|Measles morbillivirus electron micrograph|
Measles morbillivirus (MeV), also called measles virus (MV), is a single-stranded, negative-sense, enveloped, non-segmented RNA virus of the genus Morbillivirus within the family Paramyxoviridae. It is the cause of measles. Humans are the natural hosts of the virus; no animal reservoirs are known to exist.
The virus causes measles, a highly contagious disease transmitted by respiratory aerosols that triggers a temporary but severe immunosuppression. Symptoms include fever, cough, runny nose, inflamed eyes and a generalized, maculopapular, erythematous rash. The virus is spread by coughing and sneezing via close personal contact or direct contact with secretions.
The measles virus has two envelope glycoproteins on the viral surface – hemagglutinin (H) and membrane fusion protein (F). These proteins are responsible for host cell binding and invasion. The H protein mediates receptor attachment and the F protein causes fusion of viral envelope and cellular membrane. Additionally, the F protein can cause infected cells to directly fuse with neighboring uninfected cells forming syncytia. Three receptors for the H protein have been identified to date: complement regulatory molecule CD46, the signaling lymphocyte activation molecule (SLAMF1) and the cell adhesion molecule Nectin-4. For wild type and vaccine strains, extracellular domains of CD150 (SLAM or SLAMF1) and/or of nectin-4 (also called Poliovirus-Receptor-Like 4 (PVRL4)) mainly work as cell entry receptors. Minor fraction of wild type virus strains and all modern vaccine strains derived from the Edmonston strain also use CD46.
Once the virus has entered a host cell, its strand of negative sense ssRNA (single stranded RNA) is used as a template to create a positive sense copy, using the RNA-dependent RNA polymerase that's included in the virion. Then this copy is used to create a new negative copy, and so on, to create many copies of the ssRNA. The positive sense ssRNA is then mass translated by host ribosomes, producing all viral proteins. The viruses are then assembled from their proteins and negative sense ssRNA, and the cell will lyse, discharging the new viral particles and restarting the cycle.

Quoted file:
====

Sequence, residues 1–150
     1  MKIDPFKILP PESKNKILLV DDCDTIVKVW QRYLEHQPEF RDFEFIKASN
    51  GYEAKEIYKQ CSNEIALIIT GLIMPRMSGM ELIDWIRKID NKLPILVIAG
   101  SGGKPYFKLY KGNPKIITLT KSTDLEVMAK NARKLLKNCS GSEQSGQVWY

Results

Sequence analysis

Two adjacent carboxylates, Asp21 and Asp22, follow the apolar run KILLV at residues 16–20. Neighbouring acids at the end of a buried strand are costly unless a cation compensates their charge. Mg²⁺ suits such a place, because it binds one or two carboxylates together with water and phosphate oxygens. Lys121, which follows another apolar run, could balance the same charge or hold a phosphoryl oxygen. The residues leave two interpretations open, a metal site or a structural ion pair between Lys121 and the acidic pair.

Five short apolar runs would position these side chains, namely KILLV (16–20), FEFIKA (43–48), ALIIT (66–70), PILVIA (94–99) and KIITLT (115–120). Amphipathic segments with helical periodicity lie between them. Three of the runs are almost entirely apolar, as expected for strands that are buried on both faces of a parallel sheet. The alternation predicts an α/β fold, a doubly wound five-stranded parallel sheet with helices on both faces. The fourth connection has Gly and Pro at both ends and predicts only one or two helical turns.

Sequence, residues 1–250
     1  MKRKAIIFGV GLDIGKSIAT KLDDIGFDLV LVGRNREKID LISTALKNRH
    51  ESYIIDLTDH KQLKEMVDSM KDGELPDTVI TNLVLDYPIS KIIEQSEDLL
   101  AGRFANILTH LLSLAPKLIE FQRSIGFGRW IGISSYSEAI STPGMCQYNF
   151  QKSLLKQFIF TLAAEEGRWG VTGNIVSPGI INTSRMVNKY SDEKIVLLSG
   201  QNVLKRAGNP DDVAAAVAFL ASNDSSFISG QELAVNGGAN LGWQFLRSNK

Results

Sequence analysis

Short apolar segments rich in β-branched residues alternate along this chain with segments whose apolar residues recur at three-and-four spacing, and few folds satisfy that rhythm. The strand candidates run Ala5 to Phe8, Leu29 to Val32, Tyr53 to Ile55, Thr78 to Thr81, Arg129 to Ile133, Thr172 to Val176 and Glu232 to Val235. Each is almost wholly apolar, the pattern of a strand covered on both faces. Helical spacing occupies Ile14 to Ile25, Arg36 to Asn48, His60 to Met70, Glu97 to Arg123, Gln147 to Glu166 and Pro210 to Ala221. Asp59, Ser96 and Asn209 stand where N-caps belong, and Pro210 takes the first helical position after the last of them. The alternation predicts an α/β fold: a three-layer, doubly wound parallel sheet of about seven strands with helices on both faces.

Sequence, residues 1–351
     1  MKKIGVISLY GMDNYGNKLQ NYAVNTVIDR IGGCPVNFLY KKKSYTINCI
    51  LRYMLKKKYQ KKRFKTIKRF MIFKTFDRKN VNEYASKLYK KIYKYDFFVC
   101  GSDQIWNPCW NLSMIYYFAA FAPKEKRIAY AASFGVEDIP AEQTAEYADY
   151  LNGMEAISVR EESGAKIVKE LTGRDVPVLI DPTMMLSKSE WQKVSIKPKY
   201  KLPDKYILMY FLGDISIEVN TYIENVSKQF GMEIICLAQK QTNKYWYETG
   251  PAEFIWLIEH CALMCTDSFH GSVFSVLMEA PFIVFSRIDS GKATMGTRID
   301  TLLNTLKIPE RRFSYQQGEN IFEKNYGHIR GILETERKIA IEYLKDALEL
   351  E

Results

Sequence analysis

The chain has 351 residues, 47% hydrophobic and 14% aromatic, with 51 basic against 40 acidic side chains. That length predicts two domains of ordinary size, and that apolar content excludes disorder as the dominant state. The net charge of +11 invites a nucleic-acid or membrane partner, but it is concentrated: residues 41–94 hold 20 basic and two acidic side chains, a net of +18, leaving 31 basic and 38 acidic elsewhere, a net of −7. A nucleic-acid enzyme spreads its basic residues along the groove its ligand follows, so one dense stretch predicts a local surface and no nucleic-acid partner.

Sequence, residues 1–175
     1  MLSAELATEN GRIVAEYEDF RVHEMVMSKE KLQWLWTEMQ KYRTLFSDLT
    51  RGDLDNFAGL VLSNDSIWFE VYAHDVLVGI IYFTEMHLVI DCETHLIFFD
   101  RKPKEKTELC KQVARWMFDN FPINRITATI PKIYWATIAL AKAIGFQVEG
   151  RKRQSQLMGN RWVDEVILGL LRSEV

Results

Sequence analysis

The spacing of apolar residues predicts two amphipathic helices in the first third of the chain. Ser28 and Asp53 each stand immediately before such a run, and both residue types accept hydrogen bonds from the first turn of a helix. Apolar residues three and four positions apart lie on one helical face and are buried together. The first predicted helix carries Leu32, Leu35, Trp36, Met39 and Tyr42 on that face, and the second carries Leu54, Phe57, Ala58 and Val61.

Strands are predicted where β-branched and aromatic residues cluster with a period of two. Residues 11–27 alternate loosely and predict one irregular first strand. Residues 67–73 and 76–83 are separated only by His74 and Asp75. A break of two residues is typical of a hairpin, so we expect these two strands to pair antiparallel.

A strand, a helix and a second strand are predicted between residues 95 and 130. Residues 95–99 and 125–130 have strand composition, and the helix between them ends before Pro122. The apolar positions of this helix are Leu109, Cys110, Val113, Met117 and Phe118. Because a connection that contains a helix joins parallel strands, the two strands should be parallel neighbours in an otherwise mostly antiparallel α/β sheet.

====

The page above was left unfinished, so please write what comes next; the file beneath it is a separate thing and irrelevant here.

Genome and virion structure
The RNA genome of the virus codes 6 main proteins Nucleoprotein (N), Phosphoprotein (P), Matrix protein (M), Fusion protein (F), Hemagglutinin (H), and Large Protein (L), which represents RNA dependent RNA polymerase (RdRp). The viral genome also codes two non-structural proteins C and V. These non-structural proteins are innate immunity antagonists; they help the virus to escape host immune response. Inside the virion genomic RNA is forming complex with N, L and P proteins. N, P and M proteins regulate RNA synthesis by RdRp. The virus is enveloped by a lipid membrane and glycoproteins H and F are virion surface proteins that are associated with this lipid membrane.
The measles virus evolved from the now eradicated but formerly widespread rinderpest virus, which infected cattle. Sequence analysis has suggested that the two viruses most probably diverged in the 11th and 12th centuries, though the periods as early as the 5th century fall within the 95% confidence interval of these calculations.
Other analysis has suggested that the divergence may be even older because of the technique's tendency to underestimate ages when strong purifying selection is in action. There is some linguistic evidence for an earlier origin within the seventh century. The current epidemic strain evolved at the beginning of the 20th century—most probably between 1908 and 1943.
The measles virus genome is typically 15,894 nucleotides long and encodes eight proteins. The WHO currently recognises 8 clades of measles (A–H). Subtypes are designed with numerals—A1, D2 etc. Currently, 23 subtypes are recognised. The 450 nucleotides that code for the C‐terminal 150 amino acids of N are the minimum amount of sequence data required for genotyping a measles virus isolate. The genotyping scheme was introduced in 1998 and extended in 2002 and 2003.